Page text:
Curves on a Sphere – Epilogue

I just wanted to add a few more words about the benefits of the probabilistic solution. The nice thing is that it can be applied in all kinds of circumstances. For example, suppose that you have 2 curves with total length less then 2 \pi. Then, they are either in one hemisphere together, or they are in two complementing hemispheres (or both).
Another thing is that we can let our curve be longer then 2\pi, if we replace the great circle with something shorter, as long as the product of their length is less then 4 \pi^2. To see this you only have to realize that the expectation we calculated is actually linear in the length of both curves. In other words, the formula should be \mathbb{E}(X)= \ell_1 \ell_2 / 2 \pi^2. As long as this is less then 2, we’re fine.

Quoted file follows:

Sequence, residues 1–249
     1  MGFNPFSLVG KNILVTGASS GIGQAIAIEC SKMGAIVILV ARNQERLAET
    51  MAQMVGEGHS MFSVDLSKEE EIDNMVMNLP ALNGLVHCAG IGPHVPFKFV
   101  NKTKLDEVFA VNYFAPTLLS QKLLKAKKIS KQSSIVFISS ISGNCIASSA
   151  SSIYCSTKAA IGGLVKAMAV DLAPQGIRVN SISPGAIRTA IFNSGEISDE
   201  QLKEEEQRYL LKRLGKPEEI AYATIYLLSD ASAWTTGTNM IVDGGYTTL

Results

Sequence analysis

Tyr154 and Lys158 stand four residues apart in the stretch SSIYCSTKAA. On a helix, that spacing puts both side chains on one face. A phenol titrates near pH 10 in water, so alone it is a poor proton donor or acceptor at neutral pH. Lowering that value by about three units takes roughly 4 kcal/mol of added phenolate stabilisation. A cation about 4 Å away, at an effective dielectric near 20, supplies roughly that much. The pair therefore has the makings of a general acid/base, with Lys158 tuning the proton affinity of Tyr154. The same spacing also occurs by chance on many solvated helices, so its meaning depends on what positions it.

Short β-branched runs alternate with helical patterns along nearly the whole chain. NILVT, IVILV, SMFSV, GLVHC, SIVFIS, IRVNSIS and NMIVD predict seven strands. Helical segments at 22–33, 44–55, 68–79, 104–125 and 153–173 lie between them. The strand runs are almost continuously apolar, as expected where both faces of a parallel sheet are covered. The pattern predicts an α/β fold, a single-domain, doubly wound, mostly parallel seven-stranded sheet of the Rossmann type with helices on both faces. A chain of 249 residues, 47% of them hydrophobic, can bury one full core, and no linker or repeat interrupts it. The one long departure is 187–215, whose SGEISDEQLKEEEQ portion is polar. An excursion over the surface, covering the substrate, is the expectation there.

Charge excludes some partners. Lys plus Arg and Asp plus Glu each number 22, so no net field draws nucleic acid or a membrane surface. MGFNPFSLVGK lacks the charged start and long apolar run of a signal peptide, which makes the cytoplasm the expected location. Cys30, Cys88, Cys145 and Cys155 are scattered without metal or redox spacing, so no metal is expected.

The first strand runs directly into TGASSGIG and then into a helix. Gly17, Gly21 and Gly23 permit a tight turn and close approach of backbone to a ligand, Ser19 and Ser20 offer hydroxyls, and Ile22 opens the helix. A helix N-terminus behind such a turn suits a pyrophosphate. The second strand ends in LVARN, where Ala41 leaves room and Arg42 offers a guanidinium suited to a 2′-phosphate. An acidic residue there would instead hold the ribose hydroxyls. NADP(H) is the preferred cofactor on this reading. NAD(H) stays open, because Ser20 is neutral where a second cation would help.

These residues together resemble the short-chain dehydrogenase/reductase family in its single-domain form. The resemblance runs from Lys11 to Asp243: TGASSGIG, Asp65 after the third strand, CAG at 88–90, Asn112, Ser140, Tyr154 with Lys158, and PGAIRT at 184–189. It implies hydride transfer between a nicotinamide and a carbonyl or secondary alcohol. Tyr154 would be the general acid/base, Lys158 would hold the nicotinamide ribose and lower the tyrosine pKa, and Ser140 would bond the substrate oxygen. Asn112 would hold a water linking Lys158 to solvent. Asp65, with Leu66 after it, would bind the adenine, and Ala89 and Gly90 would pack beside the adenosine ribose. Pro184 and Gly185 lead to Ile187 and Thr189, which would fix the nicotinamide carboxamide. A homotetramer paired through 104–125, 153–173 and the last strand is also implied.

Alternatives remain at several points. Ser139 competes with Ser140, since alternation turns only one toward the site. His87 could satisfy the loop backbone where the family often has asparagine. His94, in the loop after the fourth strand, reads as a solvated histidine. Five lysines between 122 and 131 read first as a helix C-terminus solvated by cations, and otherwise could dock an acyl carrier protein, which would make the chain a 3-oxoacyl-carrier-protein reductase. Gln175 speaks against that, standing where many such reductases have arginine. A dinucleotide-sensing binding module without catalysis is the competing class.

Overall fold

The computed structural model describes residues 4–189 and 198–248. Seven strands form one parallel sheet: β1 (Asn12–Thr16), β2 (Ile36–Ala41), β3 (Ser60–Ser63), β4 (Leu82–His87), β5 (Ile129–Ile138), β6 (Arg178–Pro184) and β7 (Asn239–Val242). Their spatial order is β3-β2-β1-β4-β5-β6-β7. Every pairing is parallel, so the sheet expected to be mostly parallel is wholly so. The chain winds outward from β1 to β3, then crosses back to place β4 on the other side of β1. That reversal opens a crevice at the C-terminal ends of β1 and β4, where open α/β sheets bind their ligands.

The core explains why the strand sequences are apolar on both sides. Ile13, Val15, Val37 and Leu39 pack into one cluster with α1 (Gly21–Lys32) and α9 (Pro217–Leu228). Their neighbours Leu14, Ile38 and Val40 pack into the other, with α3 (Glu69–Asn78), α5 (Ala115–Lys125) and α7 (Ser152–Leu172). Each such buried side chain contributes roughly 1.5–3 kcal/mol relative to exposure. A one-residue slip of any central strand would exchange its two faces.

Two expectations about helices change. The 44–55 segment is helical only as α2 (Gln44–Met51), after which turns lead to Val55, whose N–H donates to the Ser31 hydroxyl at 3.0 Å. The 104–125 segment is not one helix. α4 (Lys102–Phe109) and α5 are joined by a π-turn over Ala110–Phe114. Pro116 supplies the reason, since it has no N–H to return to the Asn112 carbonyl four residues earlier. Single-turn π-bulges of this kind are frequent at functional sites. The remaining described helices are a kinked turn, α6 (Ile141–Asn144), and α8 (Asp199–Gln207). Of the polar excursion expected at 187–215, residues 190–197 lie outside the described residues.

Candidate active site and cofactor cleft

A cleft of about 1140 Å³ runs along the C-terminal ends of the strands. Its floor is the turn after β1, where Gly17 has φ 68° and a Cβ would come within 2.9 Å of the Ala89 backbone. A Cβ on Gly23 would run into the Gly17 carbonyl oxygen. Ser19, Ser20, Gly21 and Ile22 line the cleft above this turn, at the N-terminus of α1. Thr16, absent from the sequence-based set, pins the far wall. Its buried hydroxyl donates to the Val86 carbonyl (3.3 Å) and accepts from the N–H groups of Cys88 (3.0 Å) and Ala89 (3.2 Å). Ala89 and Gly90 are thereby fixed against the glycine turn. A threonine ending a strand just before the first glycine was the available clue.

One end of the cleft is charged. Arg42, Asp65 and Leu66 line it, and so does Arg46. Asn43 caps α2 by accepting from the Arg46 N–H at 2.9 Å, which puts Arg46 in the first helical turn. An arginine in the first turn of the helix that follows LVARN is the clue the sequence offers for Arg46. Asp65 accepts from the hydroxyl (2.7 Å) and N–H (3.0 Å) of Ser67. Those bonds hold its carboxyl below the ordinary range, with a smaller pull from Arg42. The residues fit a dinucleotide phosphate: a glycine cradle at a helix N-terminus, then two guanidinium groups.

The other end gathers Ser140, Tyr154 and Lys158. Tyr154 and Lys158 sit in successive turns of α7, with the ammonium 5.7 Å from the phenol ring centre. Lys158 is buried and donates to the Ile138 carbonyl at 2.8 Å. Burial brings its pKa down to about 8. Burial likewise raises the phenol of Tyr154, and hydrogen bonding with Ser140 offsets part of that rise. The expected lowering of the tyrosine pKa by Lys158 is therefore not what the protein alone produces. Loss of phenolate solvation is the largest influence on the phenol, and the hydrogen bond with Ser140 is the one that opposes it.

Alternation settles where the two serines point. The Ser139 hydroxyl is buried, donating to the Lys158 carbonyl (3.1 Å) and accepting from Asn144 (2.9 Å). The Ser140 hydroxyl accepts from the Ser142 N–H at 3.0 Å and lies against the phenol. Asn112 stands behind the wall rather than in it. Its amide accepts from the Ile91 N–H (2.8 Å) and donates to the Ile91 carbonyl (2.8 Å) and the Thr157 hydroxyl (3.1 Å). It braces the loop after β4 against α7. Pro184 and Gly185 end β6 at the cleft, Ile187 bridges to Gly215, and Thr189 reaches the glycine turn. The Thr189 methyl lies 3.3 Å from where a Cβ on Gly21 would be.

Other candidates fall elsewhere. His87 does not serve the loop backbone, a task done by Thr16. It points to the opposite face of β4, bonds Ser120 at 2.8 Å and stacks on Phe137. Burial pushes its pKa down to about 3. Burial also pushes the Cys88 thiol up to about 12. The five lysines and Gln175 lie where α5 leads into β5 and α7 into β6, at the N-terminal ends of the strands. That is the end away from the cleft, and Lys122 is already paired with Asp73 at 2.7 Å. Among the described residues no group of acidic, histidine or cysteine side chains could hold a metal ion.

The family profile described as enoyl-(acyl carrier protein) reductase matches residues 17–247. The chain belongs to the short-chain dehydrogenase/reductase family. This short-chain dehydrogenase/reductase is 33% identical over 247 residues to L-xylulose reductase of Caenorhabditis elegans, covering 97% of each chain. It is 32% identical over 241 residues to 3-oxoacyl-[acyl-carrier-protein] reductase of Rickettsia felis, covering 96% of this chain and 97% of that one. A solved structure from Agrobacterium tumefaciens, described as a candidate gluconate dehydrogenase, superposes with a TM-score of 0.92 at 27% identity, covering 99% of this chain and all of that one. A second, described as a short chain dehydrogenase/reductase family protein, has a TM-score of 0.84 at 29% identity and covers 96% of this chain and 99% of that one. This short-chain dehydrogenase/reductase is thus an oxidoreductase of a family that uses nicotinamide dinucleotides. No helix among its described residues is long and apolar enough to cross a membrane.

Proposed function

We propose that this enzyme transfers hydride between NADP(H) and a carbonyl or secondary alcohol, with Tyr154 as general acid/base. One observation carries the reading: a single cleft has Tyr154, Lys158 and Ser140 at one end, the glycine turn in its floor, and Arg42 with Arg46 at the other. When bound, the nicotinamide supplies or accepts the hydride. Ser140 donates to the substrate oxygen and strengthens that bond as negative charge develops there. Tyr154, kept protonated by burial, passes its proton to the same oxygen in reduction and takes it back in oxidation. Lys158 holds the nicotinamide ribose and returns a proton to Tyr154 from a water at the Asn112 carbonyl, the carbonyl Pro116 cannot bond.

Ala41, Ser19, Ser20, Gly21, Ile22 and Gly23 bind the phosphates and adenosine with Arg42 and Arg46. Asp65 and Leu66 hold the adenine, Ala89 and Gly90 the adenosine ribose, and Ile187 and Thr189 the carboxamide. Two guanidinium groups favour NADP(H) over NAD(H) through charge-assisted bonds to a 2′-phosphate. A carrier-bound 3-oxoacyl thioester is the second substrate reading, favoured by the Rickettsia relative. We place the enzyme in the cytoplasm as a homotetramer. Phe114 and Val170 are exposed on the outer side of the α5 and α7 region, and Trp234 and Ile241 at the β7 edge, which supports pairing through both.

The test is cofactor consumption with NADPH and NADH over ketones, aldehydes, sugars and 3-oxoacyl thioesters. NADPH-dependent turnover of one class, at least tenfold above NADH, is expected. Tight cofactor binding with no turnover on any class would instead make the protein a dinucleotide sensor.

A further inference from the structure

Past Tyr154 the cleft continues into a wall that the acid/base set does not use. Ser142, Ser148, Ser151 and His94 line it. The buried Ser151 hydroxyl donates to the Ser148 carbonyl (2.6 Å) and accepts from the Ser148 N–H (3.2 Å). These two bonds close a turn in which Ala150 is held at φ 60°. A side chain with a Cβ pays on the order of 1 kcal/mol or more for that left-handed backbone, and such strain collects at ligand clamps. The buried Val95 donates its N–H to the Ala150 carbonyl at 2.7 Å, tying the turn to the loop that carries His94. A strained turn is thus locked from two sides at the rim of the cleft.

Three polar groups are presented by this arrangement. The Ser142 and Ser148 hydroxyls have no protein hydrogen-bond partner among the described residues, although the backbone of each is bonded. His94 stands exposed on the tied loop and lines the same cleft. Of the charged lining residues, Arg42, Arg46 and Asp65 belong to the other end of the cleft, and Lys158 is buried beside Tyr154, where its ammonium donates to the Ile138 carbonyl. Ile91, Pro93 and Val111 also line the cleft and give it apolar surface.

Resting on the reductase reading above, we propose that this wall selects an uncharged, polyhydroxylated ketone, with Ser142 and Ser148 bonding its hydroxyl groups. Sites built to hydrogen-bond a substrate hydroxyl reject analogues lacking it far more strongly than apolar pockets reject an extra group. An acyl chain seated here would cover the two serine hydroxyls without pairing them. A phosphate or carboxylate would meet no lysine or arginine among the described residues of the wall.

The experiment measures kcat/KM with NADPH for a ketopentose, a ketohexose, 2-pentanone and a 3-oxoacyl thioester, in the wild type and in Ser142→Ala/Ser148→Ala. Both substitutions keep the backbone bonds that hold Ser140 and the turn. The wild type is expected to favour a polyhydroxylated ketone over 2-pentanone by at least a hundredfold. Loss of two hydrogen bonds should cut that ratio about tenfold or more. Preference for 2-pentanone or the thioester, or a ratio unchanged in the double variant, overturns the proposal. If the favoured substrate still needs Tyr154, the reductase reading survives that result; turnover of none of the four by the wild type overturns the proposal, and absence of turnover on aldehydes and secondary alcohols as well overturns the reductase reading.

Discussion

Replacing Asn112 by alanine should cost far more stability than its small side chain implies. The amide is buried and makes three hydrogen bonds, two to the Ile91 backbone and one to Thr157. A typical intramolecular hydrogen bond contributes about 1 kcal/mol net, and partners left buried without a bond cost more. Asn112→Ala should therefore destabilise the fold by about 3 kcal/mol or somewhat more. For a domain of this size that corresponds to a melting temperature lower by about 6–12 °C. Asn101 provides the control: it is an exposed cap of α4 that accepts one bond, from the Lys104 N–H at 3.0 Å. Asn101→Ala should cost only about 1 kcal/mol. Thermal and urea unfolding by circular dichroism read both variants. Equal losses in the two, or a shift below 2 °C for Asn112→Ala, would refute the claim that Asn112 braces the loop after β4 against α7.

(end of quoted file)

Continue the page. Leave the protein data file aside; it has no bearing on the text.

I guess that you can also use this trick on other surfaces, but I don’t have a good example (beyond Buffon’s needle again).


~ by Ori on November 5, 2008.

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